To draw a speed diagram, you generally create a horizontal line representing the journey from start to finish. This line is divided into sections representing different phases of the journey, allowing you to clearly see how the speed changes over time.


Example:


At 11.00 a.m., a cyclist left park A for park B at an average speed of 28 km/h while a motorcyclist left park B for park A at an average speed of 75 km/h. At 2.15 p.m., they have not passed each other yet and were 24.25 km apart. How far apart was park A from park B?



A speed diagram provides a visual representation of the problem at hand

Note: Notice how by drawing a speed diagram, you are able to see everything at one glance!


28 km/h × 3 15/60 h = 91 km

75 km/h × 3 15/60 h = 243.75 km

91 km + 24.25 km + 243.75 km = 359 km


Park A was 359 km from Park B.


By visualizing the problem in this way, you can better understand what's happening and what you're being asked to solve. This strategy often leads to more efficient problem-solving and increases the likelihood of arriving at the correct answer in PSLE speed questions.


Look Out for Keywords or Phrases

4. Look Out for Keywords or Phrases


Carefully read the question and look out for keywords or phrases. These keywords often hold the key to understanding what the problem is asking and which mathematical concept or formula you should use to solve it.


Example 1:


A van left Town A for Town B at 10 00 and travelled at an average speed of 55 km/h. At 13 00, a car left Town A for Town B, travelling at an average speed of 137.5 km/h. How long did the car take to catch up with the van?


KEY CONCEPT: Same direction (Closing Gap)

Keywords: catch up, overtake



Solution:

Tip:

  1. Distance to catch up = Distance travelled by the first object before the second object started its journey

  2. Time taken to catch up = Total distance the car needs to catch up with ÷ Difference in speed


Distance to catch up → 55 km/h × 3 h

= 165 km

Difference in speed → 137.5 km/h – 55 km/h

= 82.5 km/h

Time taken to meet → 165 km ÷ 82.5 km/h

= 2 h



The car took 2 h to catch up with the van.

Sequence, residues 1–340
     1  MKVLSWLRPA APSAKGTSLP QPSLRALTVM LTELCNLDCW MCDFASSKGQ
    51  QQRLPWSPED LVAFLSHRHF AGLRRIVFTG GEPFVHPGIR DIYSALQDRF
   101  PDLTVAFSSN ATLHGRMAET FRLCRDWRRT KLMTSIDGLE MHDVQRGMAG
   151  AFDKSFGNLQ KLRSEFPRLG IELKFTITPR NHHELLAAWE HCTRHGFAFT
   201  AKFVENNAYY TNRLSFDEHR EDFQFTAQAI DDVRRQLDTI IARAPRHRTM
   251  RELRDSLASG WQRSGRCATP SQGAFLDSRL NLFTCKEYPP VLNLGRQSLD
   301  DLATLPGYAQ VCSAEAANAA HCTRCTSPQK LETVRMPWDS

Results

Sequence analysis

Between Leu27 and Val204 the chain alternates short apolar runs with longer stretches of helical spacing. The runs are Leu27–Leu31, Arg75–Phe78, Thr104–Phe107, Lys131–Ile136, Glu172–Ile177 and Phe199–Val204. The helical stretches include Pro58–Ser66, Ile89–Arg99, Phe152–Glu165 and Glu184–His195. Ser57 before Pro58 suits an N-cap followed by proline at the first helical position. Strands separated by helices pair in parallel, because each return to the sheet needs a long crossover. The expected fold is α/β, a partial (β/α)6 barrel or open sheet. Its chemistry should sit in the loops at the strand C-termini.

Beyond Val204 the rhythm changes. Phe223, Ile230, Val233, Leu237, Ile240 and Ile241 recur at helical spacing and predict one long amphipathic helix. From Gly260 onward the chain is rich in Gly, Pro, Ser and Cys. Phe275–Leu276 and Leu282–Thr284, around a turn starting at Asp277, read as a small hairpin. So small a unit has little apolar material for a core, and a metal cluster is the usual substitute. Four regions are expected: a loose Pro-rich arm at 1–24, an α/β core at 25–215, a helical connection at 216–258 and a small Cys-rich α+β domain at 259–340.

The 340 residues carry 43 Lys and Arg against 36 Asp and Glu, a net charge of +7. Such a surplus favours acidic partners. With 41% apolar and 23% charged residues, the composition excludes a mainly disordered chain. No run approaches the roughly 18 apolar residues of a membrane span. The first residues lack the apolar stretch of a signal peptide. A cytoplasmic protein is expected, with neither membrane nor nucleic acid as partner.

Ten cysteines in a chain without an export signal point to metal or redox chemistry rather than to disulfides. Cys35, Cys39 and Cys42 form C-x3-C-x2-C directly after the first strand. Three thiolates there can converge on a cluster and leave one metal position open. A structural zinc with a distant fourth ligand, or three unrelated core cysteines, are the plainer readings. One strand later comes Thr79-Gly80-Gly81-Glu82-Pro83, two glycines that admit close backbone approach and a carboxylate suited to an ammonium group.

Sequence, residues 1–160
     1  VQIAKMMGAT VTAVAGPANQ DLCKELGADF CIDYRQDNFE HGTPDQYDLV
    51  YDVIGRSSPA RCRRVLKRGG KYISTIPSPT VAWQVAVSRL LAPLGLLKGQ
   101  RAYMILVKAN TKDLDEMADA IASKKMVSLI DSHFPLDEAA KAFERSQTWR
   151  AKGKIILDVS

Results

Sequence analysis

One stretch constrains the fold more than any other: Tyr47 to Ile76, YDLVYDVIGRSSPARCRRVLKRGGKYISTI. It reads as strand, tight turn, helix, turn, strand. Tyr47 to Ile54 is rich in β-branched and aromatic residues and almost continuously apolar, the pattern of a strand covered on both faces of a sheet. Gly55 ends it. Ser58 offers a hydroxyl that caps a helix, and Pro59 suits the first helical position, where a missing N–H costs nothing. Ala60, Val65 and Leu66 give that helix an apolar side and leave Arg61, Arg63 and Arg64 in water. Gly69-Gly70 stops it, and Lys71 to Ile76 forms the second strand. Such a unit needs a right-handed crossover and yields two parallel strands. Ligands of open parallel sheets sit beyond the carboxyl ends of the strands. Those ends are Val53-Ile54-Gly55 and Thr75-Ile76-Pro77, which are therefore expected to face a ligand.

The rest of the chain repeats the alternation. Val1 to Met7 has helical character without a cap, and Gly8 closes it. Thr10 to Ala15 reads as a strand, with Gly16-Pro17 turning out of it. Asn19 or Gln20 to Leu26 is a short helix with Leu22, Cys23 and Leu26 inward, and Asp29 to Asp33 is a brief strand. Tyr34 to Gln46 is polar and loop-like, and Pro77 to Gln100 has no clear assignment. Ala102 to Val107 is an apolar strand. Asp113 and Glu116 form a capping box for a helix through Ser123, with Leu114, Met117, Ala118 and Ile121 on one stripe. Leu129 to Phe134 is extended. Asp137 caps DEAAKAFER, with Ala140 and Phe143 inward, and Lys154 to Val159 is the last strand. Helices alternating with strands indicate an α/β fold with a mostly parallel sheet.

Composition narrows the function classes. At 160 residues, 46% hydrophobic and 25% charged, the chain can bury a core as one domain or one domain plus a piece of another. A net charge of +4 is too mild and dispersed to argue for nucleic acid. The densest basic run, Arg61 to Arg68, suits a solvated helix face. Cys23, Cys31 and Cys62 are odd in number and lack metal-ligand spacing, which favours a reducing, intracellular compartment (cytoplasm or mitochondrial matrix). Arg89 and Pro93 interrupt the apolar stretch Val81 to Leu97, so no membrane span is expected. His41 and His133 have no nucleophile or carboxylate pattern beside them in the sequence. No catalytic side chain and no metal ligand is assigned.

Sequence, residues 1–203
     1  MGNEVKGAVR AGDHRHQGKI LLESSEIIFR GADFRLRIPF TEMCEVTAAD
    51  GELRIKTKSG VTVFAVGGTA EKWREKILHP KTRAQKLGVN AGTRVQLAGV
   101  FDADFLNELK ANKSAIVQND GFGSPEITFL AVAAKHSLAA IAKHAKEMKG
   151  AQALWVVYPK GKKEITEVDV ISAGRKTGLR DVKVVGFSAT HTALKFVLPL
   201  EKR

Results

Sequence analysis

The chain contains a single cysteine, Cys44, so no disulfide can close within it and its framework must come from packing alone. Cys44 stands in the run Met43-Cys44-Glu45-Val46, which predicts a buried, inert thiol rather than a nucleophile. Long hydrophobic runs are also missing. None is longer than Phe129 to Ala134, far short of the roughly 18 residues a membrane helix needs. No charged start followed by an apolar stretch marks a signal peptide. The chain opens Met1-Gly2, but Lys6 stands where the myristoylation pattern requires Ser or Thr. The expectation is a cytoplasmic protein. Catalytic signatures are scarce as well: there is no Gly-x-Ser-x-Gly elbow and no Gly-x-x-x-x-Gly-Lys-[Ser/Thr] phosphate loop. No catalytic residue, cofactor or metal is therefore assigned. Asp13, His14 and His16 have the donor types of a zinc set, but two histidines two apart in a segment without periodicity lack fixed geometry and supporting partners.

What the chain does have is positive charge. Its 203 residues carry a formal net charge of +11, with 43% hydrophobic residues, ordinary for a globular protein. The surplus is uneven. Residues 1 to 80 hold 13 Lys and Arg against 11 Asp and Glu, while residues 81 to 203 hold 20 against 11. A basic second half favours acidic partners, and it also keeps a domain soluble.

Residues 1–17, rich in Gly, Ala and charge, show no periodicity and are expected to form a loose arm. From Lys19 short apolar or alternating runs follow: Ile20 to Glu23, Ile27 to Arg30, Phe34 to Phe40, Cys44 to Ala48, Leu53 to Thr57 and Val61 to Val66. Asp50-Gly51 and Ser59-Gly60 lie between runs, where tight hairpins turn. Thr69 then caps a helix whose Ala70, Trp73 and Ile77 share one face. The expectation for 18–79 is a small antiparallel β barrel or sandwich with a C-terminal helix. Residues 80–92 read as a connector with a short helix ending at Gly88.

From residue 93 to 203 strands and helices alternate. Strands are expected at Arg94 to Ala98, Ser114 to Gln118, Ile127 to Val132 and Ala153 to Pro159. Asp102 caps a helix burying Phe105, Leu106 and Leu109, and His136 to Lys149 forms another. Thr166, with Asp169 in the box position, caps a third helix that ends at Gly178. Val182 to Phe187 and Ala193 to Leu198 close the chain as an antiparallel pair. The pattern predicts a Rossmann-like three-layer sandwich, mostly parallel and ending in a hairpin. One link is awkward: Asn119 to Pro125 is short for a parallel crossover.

Example 2:


Town P is 210 km away from Town Q. At 1 p.m., Tom started driving from Town P to Town Q at a speed of 45 km/h while Jerry started driving from Town Q to Town P at a speed of 60 km/h. How long did they take to meet?


KEY CONCEPT: Opposite direction (Closing Gap)

Keywords: meet, passed each other


Solution:

Tip: Time taken to meet = Total distance travelled ÷ Distance travelled by both vehicles in an hour


45 + 60 = 105

210 ÷ 105 = 2


They took 2 h to meet.


Each step brings clarity to the problem and helps in careful execution

PSLE speed questions may be challenging, but they are not insurmountable. The techniques explored in this article – remembering the DST Triangle, understanding units, using speed diagrams, and recognizing important keywords – provide students with a comprehensive strategy to solve these questions effectively.


Each step brings clarity to the problem and helps in careful execution. Keep practicing these techniques, and your child will soon be on their way to scoring full marks in the PSLE Mathematics paper. After all, mathematics is not about memorization but understanding and applying concepts effectively.


Don't let challenging math problems deter your child's progress! At AGrader Learning Centre, we have the solution to these tough questions swiftly and efficiently. Our experienced tutors specialise in preparing Primary 6 students for the PSLE exam using proven methods and strategies.


AGrader's Primary Math Tuition helps empower students

AGrader's Primary Math Tuition helps empower students with the ability to solve even the most complex problems with great ease. We implement heuristic-based techniques to guide our students, allowing them to navigate through the maze of problem-solving with confidence and proficiency.


So why wait? Enrol now at AGrader Learning Centre and watch your child transform into a confident problem solver, ready to tackle any challenging math problem that comes their way. Let's conquer the PSLE Math together!